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  #9  
Old 04-14-2006, 01:02 PM
tomndebb tomndebb is offline
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Quote:
However, things got ugly when thousands of people who arrived to pay their last respects and get one last look at their hero were denied, not surprisingly.
Is there some aspect of "paying respect" that requires the mourner to stay at the site for a long period? They put the body in a stadium, so it sounds as though they knew they needed to accommodate a lot of people, but then they stopped letting people into the stadium, sparking the riots. I'd have thought that a slow line of passing mourners (provided everyone was told what was happening) would have prevented this. (Of course, if each mourner has to spend hours standing still for a ceremony, that renders that solution unworkable.)
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  #10  
Old 04-14-2006, 01:34 PM
Dervorin Dervorin is offline
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Quote:
Originally Posted by tomndebb
Is there some aspect of "paying respect" that requires the mourner to stay at the site for a long period? They put the body in a stadium, so it sounds as though they knew they needed to accommodate a lot of people, but then they stopped letting people into the stadium, sparking the riots. I'd have thought that a slow line of passing mourners (provided everyone was told what was happening) would have prevented this. (Of course, if each mourner has to spend hours standing still for a ceremony, that renders that solution unworkable.)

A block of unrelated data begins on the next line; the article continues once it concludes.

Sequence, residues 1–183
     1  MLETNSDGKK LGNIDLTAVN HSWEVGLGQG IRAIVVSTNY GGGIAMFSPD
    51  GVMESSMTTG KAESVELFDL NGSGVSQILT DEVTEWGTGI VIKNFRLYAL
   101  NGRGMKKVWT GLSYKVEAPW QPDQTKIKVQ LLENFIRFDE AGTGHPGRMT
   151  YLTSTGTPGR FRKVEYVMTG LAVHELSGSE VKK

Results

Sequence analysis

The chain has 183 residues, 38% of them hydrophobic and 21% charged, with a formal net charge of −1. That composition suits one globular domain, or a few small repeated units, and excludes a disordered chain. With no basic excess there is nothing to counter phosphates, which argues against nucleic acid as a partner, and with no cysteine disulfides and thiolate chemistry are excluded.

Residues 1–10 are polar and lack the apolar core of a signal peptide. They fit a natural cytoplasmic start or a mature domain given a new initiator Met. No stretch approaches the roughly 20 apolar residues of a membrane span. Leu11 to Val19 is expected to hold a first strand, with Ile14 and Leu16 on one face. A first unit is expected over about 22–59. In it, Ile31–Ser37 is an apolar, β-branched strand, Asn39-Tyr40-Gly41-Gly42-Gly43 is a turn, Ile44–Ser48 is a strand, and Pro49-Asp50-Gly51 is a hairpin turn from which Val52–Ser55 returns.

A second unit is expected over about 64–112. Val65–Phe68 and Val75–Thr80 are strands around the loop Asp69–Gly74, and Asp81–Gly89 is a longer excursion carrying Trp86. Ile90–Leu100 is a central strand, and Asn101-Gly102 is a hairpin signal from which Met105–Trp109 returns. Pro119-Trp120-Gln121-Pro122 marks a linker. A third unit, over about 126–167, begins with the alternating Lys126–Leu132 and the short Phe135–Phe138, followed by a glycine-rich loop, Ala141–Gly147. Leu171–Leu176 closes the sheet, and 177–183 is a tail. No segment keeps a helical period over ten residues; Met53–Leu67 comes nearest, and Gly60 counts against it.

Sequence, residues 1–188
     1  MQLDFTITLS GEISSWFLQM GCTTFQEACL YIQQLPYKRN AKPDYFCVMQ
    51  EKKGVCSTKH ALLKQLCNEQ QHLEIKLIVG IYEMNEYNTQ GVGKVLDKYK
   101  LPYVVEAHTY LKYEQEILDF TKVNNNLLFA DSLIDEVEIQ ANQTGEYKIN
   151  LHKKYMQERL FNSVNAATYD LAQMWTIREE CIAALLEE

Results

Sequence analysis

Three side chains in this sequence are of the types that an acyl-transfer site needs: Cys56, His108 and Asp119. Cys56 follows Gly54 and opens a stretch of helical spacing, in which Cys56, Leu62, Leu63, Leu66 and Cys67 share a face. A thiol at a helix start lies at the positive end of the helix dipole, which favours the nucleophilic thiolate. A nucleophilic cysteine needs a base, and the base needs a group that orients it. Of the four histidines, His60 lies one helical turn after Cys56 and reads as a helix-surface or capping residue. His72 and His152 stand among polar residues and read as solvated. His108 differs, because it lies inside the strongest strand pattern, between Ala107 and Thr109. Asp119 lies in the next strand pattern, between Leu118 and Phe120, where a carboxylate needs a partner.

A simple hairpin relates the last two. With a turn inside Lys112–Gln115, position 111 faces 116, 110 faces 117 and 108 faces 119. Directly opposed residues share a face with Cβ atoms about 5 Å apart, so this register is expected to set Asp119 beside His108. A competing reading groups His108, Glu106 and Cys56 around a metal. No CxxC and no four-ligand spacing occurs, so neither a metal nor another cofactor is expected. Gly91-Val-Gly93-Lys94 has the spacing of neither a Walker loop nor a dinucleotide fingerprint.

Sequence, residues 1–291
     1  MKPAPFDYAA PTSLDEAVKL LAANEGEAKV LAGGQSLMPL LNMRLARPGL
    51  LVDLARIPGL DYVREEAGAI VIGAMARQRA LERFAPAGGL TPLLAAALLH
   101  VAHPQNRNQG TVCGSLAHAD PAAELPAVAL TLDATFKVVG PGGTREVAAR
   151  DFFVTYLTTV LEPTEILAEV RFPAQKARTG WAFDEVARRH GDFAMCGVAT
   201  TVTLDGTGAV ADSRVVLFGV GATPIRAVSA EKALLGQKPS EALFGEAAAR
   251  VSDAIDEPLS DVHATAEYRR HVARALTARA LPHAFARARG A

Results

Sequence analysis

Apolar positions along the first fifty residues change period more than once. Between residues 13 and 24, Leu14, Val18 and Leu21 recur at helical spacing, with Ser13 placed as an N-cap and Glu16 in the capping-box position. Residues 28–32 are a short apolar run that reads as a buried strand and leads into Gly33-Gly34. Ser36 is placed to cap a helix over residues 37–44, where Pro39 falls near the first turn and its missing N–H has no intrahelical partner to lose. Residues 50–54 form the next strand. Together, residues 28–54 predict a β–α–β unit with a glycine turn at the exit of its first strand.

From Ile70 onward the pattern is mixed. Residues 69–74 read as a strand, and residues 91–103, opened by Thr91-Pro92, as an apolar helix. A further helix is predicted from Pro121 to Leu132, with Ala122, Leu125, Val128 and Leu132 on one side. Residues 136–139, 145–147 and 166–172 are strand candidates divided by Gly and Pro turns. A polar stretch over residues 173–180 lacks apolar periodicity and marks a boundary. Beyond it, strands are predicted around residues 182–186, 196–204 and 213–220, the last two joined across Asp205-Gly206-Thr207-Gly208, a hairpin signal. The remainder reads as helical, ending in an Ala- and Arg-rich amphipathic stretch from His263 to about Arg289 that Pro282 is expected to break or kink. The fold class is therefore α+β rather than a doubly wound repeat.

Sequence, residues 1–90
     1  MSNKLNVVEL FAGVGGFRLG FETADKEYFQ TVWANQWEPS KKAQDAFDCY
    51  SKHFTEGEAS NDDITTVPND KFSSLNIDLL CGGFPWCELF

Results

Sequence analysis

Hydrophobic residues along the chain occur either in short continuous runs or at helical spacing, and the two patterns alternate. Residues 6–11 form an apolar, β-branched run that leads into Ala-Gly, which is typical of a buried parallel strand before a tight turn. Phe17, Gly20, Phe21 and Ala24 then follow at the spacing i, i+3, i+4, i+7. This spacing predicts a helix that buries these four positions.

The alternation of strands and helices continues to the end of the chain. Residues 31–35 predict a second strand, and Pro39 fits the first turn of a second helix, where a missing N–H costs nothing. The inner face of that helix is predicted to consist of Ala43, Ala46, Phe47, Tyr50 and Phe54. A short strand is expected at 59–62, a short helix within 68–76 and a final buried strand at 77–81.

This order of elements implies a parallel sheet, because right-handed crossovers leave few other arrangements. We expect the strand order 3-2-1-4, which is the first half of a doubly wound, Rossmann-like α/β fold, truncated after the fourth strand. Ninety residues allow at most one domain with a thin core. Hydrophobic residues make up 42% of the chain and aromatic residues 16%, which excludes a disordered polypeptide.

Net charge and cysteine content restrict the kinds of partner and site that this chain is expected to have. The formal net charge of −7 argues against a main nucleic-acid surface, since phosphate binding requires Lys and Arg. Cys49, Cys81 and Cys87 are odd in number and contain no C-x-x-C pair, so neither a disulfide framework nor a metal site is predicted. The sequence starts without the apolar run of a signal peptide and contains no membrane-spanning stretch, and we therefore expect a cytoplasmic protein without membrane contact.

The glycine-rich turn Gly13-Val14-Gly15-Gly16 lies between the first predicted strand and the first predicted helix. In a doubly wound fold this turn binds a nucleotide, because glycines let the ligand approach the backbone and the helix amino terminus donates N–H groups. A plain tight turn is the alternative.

Nope; a brief look will do. However, people as stricken with grief as these are are scarcely likely to be rational - they tend to linger, weeping and sometimes doing themselves harm in their emotional frenzy. It's never going to be a quiet looking and passing on, even though that would be (to my mind) a far more respectful and dignified farewell, both for the dead person as well as his fans.

Even a large stadium, such as the one where the body was placed, will hardly accommodate 300,000 people, which is the number estimated to have joined in the funeral procession. The group that was denied entry was around 20,000, from the reports I've read. The picture in this news article should give you an idea of the scale of the procession - and that was just around the truck carrying the body. Tens of thousands more would have been walking behind.